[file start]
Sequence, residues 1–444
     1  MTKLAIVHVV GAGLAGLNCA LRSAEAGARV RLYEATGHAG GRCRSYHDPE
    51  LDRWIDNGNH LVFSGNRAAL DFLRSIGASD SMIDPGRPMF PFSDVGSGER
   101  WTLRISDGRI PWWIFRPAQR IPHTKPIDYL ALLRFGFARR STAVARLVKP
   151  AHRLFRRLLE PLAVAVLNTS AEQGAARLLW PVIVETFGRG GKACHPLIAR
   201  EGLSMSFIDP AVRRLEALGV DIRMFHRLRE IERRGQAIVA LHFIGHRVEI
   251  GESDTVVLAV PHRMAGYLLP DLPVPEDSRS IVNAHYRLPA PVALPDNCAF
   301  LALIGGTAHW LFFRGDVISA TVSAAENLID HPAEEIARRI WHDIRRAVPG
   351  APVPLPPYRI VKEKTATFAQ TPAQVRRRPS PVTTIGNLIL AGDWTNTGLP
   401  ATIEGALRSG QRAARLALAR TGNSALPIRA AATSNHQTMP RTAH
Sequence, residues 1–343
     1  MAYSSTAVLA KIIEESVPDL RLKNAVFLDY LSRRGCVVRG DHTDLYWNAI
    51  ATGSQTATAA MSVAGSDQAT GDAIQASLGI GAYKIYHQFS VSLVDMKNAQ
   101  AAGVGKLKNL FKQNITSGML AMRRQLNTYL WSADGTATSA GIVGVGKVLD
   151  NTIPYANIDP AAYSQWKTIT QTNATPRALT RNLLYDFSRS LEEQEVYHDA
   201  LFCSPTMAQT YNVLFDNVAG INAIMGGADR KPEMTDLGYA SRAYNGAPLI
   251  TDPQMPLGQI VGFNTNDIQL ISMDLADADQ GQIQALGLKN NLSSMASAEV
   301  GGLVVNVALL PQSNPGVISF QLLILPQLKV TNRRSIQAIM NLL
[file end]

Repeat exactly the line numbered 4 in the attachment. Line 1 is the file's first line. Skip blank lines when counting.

   101  WTLRISDGRI PWWIFRPAQR IPHTKPIDYL ALLRFGFARR STAVARLVKP